Redeeming the units when the investor has retired or stepped back from full-time work may result in capital gains tax payable at a reduced or marginal tax rate, therefore a reduced tax liability. In addition, the tax liability on redeeming an investment in an unlisted property fund can potentially be reduced to zero if held within a self-managed superannuation fund (SMSF). Deferring the redemption of an investment that pays tax-deferred distributions until the member is in pension phase will effectively reduce the capital gains liability to nil.


Most unlisted funds are available through adviser platforms or directly via the managers website, rather than the ASX.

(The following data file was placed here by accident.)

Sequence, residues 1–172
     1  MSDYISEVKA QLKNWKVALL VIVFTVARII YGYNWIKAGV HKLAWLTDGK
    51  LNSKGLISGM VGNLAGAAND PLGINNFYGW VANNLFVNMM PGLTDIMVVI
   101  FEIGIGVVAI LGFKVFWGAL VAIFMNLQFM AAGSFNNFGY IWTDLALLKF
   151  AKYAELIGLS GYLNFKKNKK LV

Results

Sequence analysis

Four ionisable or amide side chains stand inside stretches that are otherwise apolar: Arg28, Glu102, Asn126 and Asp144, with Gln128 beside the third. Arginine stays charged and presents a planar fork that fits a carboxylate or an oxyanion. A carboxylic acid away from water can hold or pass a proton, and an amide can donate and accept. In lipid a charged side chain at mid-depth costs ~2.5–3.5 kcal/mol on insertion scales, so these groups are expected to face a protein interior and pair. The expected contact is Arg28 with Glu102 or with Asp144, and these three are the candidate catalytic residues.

When it comes to selecting an unlisted property fund, a factor to consider is the manager’s track record and past performance. Although as is the case for all investments, past performance is not a reliable indicator of future performance.

Also consider asset specifics. Is the asset well located? Who are the tenants, what is the physical condition of the property and what are the lease terms?  

Ideally, you want to see blue-chip or government tenants with long-term leases. Look at vacancy levels, the level of capital expenditure required and the fund’s green credentials. Other factors to look at are forecast distribution yields, liquidity, gearing and the level of fees.

Remember that all property investments should be considered over a medium to long-term timeframe of five years or more. As part of a balanced portfolio, unlisted property funds can deliver attractive risk-adjusted returns with lower volatility than equities. 

Hamish Wehl is head of retail funds management at Cromwell Property Group.